Written by Mark Millar
Pencils by Adam Kubert
Inks by Art Thibert
Colors by Richard Isanove (1-2), Avalon Studio (3)
Published by Marvel Comics
I would like to begin by welcoming you to my new weekly column “The History of the Ultimate Universe” where arc by arc, issue by issue I will break down each comic set in Marvel’s Earth-1610. The Ultimate Universe was created by Marvel president Bill Jemas and editor-in-chief Joe Quesada in 2000 to bring Marvel’s greatest superheroes to life in a way that would be more accessible to new fans, including teens and young adults. Basically, Jemas and Quesada allowed their creators to build the Marvel Universe from scratch and attempt make it more relevant to the early 21st century.
The first and flagship title of the Ultimate Universe was Ultimate Spider-Man, which began by retelling Spider-Man’s classic origin in Amazing Fantasy #15 in greater detail using seven issues to flesh out Uncle Ben, Aunt May, Mary-Jane and create a twisted paternal relationship between him and Norman Osborn. It was written by indie crime writer Brian Michael Bendis (Sam and Twitch), who immediately revealed his interest in this genre in the second arc featuring the Kingpin with art from long time Amazing Spider-Man penciler Mark Bagley. I have already written about the first 13 issues of Ultimate Spider-Man elsewhere so I will lead off this first column with the first half of Ultimate X-Men‘s premiere arc “The Tomorrow People”.
At the time Ultimate X-Men #1 was released in December 2000, the world of X-Men comics was confusing beyond measure after the effects of multiple crossovers and retcons. Not even the return of the X-Men godfather Chris Claremont could attract new readers to the title. This was unfortunate because the Bryan Singer directed X-Men film was the first Marvel box office hit, and the Fox Kids X-Men Evolution cartoon was capturing the imagination of kids around the world. (Including yours truly, who was always forced to be Wolverine in X-Men playground games.) This all changed when Jemas and Quesada recruited a pair of Scotsmen, Mark Millar and later Grant Morrison, and gave them full rein on the franchise.
Both creators had done the lion’s share of their work for DC/Vertigo with Millar coming off lengthy runs on the Swamp Thing and Superman Adventures titles. While Morrison’s New X-Men comic was set in the main Marvel Universe, Millar got the tabula rasa of the Ultimate Universe to work with. He was joined by penciler Adam Kubert, who had experience working on the Weapon X tie-in of the famous “Age of Apocalypse” crossover along with a stint on Uncanny X-Men, X-Men, and other Marvel books. Kubert used a pencils to color approach for his art with the help of Ultimate Spider-Man inker Art Thibert and his X-Men collaborator and French painter Richard Isanove. Kubert and company immediately put their imprint on the series with a gorgeous, aerial splash page of the Sentinels swooping down on bleak, crowded New York City.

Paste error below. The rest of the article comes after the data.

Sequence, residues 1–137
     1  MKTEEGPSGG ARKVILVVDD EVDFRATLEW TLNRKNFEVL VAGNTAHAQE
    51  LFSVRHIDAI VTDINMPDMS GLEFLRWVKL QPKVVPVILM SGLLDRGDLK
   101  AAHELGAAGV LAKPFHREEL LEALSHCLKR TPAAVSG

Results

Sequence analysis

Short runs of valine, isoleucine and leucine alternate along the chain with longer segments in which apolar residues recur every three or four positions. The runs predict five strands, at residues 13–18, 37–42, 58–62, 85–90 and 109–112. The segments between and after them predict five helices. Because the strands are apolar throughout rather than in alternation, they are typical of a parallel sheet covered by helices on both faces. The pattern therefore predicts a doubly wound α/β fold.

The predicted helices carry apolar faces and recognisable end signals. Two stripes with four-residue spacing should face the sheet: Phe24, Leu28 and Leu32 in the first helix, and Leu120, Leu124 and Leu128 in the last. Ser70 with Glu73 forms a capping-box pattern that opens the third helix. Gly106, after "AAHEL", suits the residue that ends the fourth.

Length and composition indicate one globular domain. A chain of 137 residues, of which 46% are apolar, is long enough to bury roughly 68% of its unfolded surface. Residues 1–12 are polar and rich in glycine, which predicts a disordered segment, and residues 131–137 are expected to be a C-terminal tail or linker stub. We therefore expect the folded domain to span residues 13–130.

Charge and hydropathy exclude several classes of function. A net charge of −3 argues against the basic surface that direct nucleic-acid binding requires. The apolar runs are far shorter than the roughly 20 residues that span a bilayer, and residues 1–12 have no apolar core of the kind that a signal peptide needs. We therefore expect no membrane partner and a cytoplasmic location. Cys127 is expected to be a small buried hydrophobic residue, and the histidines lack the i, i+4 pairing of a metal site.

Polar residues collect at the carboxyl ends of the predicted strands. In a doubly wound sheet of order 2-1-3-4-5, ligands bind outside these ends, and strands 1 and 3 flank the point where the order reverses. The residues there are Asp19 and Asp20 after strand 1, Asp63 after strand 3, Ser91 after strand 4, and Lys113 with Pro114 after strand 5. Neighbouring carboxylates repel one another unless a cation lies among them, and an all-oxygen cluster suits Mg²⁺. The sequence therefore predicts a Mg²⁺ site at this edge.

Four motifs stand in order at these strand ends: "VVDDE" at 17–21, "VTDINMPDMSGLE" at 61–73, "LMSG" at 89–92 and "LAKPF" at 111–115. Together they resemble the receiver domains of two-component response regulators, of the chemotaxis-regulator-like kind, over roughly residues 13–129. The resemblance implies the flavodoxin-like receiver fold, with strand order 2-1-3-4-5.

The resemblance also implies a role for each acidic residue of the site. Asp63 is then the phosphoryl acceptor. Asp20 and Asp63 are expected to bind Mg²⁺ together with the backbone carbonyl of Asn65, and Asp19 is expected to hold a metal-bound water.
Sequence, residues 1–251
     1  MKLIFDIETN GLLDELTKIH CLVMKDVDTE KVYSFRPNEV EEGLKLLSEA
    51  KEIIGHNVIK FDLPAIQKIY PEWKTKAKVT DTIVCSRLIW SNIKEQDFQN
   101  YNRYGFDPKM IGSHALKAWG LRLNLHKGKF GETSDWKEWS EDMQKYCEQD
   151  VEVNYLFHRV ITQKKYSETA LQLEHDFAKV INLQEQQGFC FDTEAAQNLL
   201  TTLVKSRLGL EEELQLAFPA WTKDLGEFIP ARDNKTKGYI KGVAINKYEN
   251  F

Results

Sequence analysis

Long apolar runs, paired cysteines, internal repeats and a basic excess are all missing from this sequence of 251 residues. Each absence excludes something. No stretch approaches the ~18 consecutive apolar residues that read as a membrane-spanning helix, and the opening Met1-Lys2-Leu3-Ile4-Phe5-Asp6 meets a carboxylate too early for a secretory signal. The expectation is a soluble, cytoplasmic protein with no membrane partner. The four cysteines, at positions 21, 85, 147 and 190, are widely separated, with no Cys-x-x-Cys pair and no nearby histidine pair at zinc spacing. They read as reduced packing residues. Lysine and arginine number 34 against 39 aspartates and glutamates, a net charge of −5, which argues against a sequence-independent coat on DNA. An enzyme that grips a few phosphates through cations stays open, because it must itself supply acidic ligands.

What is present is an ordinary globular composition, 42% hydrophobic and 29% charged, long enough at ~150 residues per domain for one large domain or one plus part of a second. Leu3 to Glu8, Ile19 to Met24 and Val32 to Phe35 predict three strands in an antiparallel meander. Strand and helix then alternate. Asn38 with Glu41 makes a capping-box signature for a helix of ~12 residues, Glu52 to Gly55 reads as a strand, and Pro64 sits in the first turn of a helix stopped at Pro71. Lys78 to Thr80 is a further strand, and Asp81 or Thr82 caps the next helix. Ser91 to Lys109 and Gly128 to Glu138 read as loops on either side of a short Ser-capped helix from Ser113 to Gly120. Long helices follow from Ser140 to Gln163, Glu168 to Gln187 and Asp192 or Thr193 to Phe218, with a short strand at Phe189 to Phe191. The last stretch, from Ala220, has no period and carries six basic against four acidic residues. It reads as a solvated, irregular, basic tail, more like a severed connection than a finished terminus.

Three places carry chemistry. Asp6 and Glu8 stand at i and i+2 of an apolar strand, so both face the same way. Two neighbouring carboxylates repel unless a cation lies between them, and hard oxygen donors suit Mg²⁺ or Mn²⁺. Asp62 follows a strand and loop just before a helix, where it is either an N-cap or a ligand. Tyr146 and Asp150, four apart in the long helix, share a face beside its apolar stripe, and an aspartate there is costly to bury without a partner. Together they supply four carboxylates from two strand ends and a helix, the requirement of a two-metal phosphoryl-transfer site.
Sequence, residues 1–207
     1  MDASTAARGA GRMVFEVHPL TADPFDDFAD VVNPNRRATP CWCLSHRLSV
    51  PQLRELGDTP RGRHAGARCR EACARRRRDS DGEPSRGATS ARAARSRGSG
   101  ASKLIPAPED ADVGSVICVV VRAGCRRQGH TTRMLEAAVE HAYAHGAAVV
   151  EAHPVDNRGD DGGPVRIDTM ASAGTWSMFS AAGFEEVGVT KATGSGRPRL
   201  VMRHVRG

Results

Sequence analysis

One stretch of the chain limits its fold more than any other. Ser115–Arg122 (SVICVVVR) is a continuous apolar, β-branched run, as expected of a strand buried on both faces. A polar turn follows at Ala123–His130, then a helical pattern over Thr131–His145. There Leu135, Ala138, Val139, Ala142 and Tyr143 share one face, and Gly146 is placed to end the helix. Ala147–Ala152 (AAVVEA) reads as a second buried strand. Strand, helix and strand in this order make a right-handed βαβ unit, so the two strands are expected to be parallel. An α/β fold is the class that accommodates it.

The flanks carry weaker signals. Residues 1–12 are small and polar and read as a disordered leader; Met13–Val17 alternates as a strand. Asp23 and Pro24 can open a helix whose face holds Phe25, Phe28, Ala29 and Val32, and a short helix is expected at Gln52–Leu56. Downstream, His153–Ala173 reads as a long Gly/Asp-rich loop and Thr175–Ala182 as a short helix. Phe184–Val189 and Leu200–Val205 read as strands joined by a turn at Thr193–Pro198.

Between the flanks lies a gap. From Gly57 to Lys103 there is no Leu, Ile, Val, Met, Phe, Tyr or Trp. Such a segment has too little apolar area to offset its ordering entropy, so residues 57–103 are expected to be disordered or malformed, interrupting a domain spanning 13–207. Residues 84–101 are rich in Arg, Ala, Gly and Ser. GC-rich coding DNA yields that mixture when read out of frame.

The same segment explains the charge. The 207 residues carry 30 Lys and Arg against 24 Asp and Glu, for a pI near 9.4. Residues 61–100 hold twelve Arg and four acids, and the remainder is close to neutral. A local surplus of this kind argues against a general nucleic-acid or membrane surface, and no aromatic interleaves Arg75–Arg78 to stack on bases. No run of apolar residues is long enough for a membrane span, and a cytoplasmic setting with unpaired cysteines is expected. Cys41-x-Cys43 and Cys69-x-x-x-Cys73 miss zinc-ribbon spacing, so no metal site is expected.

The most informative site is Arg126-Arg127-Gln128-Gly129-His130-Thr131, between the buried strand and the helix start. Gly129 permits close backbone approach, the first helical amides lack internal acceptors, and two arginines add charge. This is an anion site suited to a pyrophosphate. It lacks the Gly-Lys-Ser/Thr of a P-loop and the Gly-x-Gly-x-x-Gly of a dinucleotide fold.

The plot of Ultimate X-Men #1-3 is one part “Night of the Sentinels” from X-Men: The Animated Series“, another part the X-Men film with the twist of Wolverine being on a mission from Magneto to kill Professor X. Each of the first three issues is centered around an extended action set-piece with Magneto revealing more of his evil plan, except in issue 3 when Beast is presumed dead. In Ultimate X-Men #1, Jean Grey recruits Storm, Iceman, Beast, and Colossus to join the X-Men with her, Cyclops, and Professor X. They are on the run from the Sentinels, which have been commissioned after mutant terrorist Magneto bombed the Capitol. Ultimate X-Men #2 involves the X-Men rescuing Wolverine from the Weapon X program, which was secretly tipped off by Magneto so that Wolverine joining the X-Men seemed more believable. And Ultimate X-Men #3 is about the X-Men’s rescue of the president’s daughter after Magneto and the Brotherhood kidnap her in retribution for the Sentinels killing mutants.
Mark Millar’s approach to the X-Men in centered around cool, superpowered action with the mutants as hated and feared minorities already assumed. Issue 2 is basically just the X-Men’s rescue mission and some really brutal torture of Wolverine, but Ultimate X-Men #1 and #3 reveal characters’ differing opinions towards Xavier’s mission. Colossus is incredibly happy to drop “the homo sapien act” and not act as an enforcer for the Russian mob and ends up acclimating to the team the most while Storm misses her carefree days of being a car thief and not going by a codename. However, she understands the dangerous plight of mutants in the Sentinel-infested United States and chooses to stick with the X-Men even if she has difficulty controlling her lightning powers and doesn’t feel like being a superhero. Both characters share a slight distrust of Cyclops being team leader even though he is the second youngest member on the team after 15 year old Iceman, who spends most of these three issues scared to death.
The strongest characterization of Ultimate X-Men #1-3 goes to Cyclops and Jean Grey. Cyclops is the teacher’s pet of